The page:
||Fish Blood Osmolality, Gill Histology and Oocyte Atresia as Early Warning Acid Stress Indicators.
McCormick, J. H.;
Jensen, K. M.;
Leino, R. L.;
Stokes, G. N.;
||Environmental Research Lab.-Duluth, MN. ;Wisconsin Univ.-Superior. Center for Lake Superior Environmental Studies. ;Minnesota Univ.-Duluth.
Acid resistance tests;
Little Rock Lake;
||Most EPA libraries have a fiche copy filed under the call number shown. Check with individual libraries about paper copy.
||Juvenile yellow perch (Perca flavescens), rock bass (Ambloplites rupestris), black crappie (Pomoxis nigromaculatus), and largemouth bass (Micropterus salmoides) exposed to acidified soft water ranging from pH 7.0 to 4.5, maintained blood osmotic homeostasis for up to 30 days. At pH 4.0, blood osmotic homeostasis was lost and all but the yellow perch died within 30 days. Blood osmolality decreased from a normal value of 280-320 mmol/kg to < or = 200 a few days before death. Yellow perch exposed to pH 4.1 were emaciated and near death within 58 days. Gill hyperplasma and chloride cell proliferation were observed in these species at pH 4.5 and 4.0. Field testing of these parameters as early warning indicators of acid stress is in progress at Little Rock Lake in northern Wisconsin. Little Rock Lake is a two-basin lake separated at the narrows by a plastic curtain. One basin is being acidified by the addition of H2504. Every two years the pH of the acidified basin is being reduced by 0.5 pH units. Examination of fish from basin at each pH interval is now being or will be conducted.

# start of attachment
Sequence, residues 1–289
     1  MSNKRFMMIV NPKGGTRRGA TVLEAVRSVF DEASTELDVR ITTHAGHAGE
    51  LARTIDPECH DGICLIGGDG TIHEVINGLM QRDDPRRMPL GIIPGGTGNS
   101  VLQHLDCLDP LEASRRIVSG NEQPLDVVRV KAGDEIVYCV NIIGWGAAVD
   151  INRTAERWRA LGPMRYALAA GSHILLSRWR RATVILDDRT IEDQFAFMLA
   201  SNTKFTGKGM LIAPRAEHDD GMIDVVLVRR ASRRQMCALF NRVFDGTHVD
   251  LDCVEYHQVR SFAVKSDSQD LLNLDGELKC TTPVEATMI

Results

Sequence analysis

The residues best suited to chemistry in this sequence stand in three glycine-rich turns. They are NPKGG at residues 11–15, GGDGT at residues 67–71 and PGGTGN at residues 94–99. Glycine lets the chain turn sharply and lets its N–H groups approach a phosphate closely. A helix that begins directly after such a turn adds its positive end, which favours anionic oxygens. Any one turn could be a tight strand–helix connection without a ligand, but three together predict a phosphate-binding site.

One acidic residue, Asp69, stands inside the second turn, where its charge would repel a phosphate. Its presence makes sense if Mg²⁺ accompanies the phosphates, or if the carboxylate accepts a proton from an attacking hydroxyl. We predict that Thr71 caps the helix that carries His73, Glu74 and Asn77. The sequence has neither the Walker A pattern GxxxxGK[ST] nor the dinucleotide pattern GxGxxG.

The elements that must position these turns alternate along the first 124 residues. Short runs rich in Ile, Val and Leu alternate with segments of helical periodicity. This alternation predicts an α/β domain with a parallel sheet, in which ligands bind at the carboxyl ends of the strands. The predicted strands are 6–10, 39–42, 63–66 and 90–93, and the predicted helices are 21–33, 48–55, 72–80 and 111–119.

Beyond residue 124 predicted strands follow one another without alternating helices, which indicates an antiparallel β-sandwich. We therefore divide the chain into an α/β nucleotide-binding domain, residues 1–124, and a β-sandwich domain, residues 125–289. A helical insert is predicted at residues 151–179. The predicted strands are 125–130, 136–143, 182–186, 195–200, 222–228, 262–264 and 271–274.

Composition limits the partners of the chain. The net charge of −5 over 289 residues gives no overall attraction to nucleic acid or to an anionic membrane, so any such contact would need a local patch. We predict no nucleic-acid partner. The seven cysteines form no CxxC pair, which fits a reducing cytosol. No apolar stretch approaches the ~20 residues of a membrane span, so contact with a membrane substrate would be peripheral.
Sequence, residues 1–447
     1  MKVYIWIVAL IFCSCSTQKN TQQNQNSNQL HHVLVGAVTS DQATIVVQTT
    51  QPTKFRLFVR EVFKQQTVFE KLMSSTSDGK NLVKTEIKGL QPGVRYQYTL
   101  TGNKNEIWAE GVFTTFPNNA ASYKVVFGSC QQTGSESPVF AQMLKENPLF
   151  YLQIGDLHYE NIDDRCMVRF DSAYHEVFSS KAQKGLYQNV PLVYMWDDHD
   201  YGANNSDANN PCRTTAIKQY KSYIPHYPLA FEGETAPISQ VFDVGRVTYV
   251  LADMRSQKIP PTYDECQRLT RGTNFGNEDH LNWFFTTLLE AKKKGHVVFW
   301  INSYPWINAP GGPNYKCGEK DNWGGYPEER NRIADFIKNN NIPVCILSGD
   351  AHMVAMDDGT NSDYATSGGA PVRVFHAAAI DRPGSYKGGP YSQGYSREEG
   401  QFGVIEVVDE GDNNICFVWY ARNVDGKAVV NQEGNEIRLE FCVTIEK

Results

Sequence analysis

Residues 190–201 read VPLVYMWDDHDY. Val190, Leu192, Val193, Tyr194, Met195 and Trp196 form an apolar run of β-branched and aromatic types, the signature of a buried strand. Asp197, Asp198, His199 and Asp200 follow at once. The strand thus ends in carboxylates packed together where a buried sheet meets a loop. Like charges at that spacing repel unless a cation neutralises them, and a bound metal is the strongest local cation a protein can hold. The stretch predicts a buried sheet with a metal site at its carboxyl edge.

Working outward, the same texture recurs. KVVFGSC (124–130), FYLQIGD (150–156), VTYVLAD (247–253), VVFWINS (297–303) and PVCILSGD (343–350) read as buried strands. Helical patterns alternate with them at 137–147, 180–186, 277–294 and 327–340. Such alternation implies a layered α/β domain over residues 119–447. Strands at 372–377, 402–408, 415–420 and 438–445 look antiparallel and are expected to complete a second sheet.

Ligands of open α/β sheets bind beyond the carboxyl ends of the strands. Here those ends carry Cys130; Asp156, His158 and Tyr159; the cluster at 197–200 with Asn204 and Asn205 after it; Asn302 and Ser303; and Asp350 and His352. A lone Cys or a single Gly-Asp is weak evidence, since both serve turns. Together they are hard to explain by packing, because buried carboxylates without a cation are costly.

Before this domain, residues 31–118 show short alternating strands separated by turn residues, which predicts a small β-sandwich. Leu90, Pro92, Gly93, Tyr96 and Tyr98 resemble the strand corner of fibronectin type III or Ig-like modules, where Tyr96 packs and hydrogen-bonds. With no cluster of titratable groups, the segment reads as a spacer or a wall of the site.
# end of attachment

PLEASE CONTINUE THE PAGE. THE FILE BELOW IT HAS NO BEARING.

||Prepared in cooperation with Wisconsin Univ.-Superior. Center for Lake Superior Environmental Studies, and Minnesota Univ.-Duluth.
|PUB Date Free Form
||57Z; 57Y; 57H
||PC A02/MF A01